A beautiful medieval town about 1.5 hours outside Lisbon
We decided to cut our Lisbon stay a bit short to get out of the big city and into a smaller town. After researching the top destinations in Portugal, we landed on Evora (EV-ra), a quaint medieval town that has its original Roman outer wall and some other bits of Roman and medieval architecture.
We’ve had a wonderful time these past two days and would highly recommend that folks come here for a weekend stay. It’s beautiful and easily walkable, filled with excellent, tiny restaurants, and there’s delicious wine everywhere you turn.
Here are some of our highlights:
We waited 30 minutes to get in, but it was totally worth it. The chef came to our table and explained the various Alentejo cuisine menu options, which where listed on a small chalkboard, then he had waitresses show us the raw meats, fish, and mushrooms that were in the various dishes. We asked to share a starter of mushroom and pumpkin soup, followed by meals of tuna and pork. Because of the chef’s love for food and treating guests spectacularly, we got a cheese/bread/olive oil app, a free stacked fried mushroom app, and a free plate of fresh grilled root veggies to go with our dinners.
I could barely eat a third of my dinner. This was, without a word of exaggeration, the best meal I’ve ever eaten. The servers were very attentive, and we had delicious red, white, and green wines. The chef is also the owner, and it’s very clear he loves the locally sourced, biologica (organic) food he proudly prepares and serves. We loved every minute of this experience.
Capela Dos Ossos (The Bones Chapel)
The city was getting overcrowded with its dead, so the priests decided to unearth the bones and use them in the walls of their church. Yes, it sounds creepy, but it was actually very strangely beautiful — and, we thought, a very practical use of something that each of us is going to become. Just think of it like using reclaimed wood on your floors, I guess.
The Church also has an exhibit of 6,400 nativity scene figurines that were donated by a local couple who collected them from around world. Scott really liked the ones that were in old matchboxes. 🙂
(You can also see a video of the Capela de Ossos below.)
The Evora park is also former jardims (gardens) of the royal family and, later, a Franciscan convent. We had a light lunch here of local goat cheese, chourico (the local chorizo), bread, and wine that we bought at a small market for about USD$6.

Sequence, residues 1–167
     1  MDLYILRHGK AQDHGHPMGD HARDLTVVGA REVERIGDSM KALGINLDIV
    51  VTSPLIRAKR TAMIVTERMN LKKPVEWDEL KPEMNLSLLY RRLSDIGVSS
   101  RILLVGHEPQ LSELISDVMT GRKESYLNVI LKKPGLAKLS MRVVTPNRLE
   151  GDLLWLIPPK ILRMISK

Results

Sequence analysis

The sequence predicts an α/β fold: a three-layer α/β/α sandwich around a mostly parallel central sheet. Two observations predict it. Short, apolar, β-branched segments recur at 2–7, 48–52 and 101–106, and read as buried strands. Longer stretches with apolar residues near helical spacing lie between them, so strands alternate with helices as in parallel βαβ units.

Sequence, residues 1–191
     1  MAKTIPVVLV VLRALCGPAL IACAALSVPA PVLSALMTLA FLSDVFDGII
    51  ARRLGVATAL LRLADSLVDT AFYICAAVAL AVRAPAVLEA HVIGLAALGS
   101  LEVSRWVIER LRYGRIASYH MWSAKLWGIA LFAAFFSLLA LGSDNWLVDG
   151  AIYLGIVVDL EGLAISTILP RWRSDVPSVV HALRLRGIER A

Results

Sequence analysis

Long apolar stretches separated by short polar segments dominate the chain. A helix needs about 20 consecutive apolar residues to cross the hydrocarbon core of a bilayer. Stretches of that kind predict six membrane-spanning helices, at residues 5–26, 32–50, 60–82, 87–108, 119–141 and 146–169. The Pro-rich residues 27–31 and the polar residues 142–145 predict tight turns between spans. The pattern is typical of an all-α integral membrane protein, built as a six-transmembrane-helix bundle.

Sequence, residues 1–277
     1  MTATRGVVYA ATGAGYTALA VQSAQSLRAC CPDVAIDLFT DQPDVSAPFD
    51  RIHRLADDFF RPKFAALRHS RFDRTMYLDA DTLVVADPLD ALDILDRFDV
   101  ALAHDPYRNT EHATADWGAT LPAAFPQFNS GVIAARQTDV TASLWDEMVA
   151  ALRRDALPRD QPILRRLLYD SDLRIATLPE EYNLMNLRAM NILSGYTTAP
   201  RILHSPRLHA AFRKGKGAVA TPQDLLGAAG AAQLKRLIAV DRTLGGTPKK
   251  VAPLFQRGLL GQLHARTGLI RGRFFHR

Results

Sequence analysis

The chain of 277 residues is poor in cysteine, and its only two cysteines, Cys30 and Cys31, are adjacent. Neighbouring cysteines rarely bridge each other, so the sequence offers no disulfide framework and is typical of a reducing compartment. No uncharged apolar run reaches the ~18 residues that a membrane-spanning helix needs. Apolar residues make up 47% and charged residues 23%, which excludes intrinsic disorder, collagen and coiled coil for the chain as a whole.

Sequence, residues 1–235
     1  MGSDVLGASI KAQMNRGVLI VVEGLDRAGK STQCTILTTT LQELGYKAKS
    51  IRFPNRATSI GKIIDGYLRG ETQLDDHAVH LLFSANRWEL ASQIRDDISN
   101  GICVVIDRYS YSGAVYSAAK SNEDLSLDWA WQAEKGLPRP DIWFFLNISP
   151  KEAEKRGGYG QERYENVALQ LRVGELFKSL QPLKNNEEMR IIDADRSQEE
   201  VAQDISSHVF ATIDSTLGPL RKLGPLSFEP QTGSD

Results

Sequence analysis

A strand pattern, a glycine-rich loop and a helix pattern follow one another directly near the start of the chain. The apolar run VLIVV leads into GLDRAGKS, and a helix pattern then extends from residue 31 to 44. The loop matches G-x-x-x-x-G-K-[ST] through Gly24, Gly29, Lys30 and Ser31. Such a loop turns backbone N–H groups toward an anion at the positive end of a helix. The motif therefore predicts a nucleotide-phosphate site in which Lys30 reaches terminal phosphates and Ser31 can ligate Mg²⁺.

While we walked around the park we ran into some old church ruins and lots and lots of peacocks just wandering around. Totally random and totally beautiful.
(Again, there’s a video of the peacocks at the bottom of this post.)
There’s a ruined, but still mostly standing Corinthian temple in the center of town that dates from the 1st century, reputedly erected to honor Emperor Augustus. We saw it during both day and night, lit by floodlights. Both times were amazing. In addition to this temple, the Roman-built city walls still stand in many places surrounding the original outline of Evora. There’s also a Roman aqueduct in great condition.
Since many people told us about the wonderful wine in this region so we decided to do a wine tasting at a family owned winery, Ervideira. Our favorite of the four wines we tried was what they call their “invisible wine,” which is made from red grapes but looks like a white wine. We bought a bottle and had it with our lunch in the garden.
To Sum Up
For these two days, we stayed in a nice, but cheap hotel with two twin beds. It cost USD$98 for both nights. We’ve both slept incredibly well. I think our bodies are still getting used to walking so much — in Evora, we had one 7.4-mile day and one 3.9-mile day trekking around the city.
Tomorrow we are off to Porto via a train, a metro, and then a budget flight (USD$26 for two plane tickets on RyanAir!).
Connie & Scott